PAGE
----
The higher rates have also taken the steam out of refinancings as more expensive pricing leads to lower demand. Overall, 1- to 4-family residential mortgages were down 2.5% from a year earlier to $1.84 trillion. Mortgage originations in the third quarter were 30% below the activity in the second quarter, and mortgage sales declined by 24%.

"This reduced level of mortgage lending led to a $4 billion, year-over-year decline in noninterest income from mortgage activities," Gruenberg said.

Overall, net operating revenue fell 3.6% from a year earlier to $163 billion. Noninterest expenses rose nearly 2% from the third quarter of 2012 to $106.5 billion, driven in significant part by a $4 billion year-over-year increase in litigation expense for a single institution. While the FDIC did not identify the bank, it is likely JPMorgan Chase, which has been entangled in a series of civil cases tied to its mortgage holdings.

Still, net interest income rose 0.7% from the previous quarter to $104.3 billion, even though that was 1.3% less than a year earlier. And balances for all major loan categories besides residential mortgages increased modestly compared to the second quarter of this year.

Total loans rose by 0.9% to $7.8 trillion, the eighth such increase in 10 quarters. Auto loans increased by 3.2% to $346 billion and credit card balances rose by 1% $677 billion. Loans to states and municipalities rose by 7.3%. But home equity lines of credit decreased by 2.1% and balances for other types of residential real estate loans fell by 0.7%. Major mortgage lenders saw their mortgage originations drop sharply, by 30%, compared with the second quarter.

Meanwhile, even though banks continue to set aside smaller provisions to cover future losses—which helps boost earnings—sharp declines in noncurrent loans mean that institutions should have sufficient loss reserves. Banks reduced their loan-loss reserves by 4.3% in the quarter, or $6.5 billion, which is the 14th straight quarter of lower reserves. But with noncurrent loans falling by $18 billion, the so-called "coverage ratio" of reserves to bad credits increased for the fourth straight quarter, from 62.3% to 64.5%.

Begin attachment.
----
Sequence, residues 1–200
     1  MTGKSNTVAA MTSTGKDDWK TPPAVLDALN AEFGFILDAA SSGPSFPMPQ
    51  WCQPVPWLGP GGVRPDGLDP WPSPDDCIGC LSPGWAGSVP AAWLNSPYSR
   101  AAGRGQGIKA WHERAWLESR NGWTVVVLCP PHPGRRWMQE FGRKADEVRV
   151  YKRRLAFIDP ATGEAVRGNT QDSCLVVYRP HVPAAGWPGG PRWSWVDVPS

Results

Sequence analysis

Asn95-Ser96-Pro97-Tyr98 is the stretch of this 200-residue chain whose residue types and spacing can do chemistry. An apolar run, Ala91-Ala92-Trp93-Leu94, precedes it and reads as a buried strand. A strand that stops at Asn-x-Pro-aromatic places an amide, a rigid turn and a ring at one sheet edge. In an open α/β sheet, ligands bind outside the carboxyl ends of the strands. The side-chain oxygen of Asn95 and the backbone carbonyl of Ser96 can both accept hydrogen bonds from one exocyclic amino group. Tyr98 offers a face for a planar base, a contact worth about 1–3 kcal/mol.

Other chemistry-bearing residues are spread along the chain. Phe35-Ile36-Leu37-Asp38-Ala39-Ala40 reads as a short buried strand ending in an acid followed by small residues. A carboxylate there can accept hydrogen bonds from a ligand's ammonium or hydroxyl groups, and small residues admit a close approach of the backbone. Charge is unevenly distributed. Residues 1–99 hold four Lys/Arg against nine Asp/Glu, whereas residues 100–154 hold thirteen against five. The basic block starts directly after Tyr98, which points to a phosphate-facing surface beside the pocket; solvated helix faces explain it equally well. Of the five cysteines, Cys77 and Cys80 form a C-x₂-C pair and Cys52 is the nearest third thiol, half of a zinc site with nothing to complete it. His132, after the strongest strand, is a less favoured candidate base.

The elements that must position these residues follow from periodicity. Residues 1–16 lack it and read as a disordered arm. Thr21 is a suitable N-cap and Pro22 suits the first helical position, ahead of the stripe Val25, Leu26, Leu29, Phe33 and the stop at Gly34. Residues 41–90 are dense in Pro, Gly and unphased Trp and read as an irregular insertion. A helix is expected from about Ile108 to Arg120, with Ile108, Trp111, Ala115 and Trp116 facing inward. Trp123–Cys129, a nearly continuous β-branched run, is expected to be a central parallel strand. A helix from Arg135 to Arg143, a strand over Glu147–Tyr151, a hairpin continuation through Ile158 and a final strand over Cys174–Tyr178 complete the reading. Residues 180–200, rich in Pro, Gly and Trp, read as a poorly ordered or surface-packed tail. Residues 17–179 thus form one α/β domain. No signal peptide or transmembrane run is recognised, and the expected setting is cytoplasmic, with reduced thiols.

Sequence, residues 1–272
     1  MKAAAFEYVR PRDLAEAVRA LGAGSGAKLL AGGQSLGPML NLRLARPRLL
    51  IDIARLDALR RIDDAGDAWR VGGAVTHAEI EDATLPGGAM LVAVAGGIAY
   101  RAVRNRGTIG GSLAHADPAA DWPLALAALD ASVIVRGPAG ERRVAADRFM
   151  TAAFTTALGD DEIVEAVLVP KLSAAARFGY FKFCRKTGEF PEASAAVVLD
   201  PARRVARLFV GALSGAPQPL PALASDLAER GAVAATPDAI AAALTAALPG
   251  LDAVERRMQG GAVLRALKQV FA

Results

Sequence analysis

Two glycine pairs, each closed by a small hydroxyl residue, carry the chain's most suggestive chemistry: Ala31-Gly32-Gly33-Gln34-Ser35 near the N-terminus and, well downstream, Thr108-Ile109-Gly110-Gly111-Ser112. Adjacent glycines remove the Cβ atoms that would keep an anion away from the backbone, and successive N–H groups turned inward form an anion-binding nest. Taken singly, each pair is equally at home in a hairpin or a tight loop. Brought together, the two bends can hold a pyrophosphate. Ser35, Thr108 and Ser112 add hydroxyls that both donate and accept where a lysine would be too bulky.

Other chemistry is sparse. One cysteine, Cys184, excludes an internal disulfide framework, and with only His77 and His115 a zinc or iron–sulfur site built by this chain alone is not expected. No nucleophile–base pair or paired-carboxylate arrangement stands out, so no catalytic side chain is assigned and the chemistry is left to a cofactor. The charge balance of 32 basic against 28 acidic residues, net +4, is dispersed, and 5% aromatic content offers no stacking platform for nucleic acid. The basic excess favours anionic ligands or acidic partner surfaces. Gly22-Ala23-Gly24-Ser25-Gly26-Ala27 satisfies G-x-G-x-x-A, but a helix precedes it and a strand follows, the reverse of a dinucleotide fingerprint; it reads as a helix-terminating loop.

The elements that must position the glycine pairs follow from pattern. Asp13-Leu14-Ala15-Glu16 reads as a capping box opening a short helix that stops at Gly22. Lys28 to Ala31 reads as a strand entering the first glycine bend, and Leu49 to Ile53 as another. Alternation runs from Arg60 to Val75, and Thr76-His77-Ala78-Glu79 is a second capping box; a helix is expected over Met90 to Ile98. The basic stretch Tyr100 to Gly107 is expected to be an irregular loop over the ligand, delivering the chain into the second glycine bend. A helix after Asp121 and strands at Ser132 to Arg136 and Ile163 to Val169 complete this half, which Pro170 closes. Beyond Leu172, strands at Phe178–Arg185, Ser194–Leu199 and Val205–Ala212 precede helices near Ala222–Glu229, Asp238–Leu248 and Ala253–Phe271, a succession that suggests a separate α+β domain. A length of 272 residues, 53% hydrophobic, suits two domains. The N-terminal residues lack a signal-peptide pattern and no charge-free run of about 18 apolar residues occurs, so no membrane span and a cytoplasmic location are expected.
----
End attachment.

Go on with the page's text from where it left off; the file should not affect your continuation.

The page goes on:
Gruenberg said the industry is still benefiting from an overall improvement in credit quality.

"Most of the positive trends we have been seeing in industry performance continued in the third quarter," he said. "Fewer institutions reported quarterly losses, lending grew at a modest pace, credit quality continued to improve, more banks came off the 'Problem List,' and fewer banks failed."

Deposits grew by 2.3%—or $247.8 billion—from the previous quarter to $11 trillion. The biggest growth was in accounts with more than $250,000.

The FDIC said banks on the "Problem List" declined by 38 to a total of 515 institutions on the list. The balance of the Deposit Insurance grew by about $3 billion to $40.7 billion. The ratio of insurance reserves to insured deposits grew by 4 basis points to 0.68%.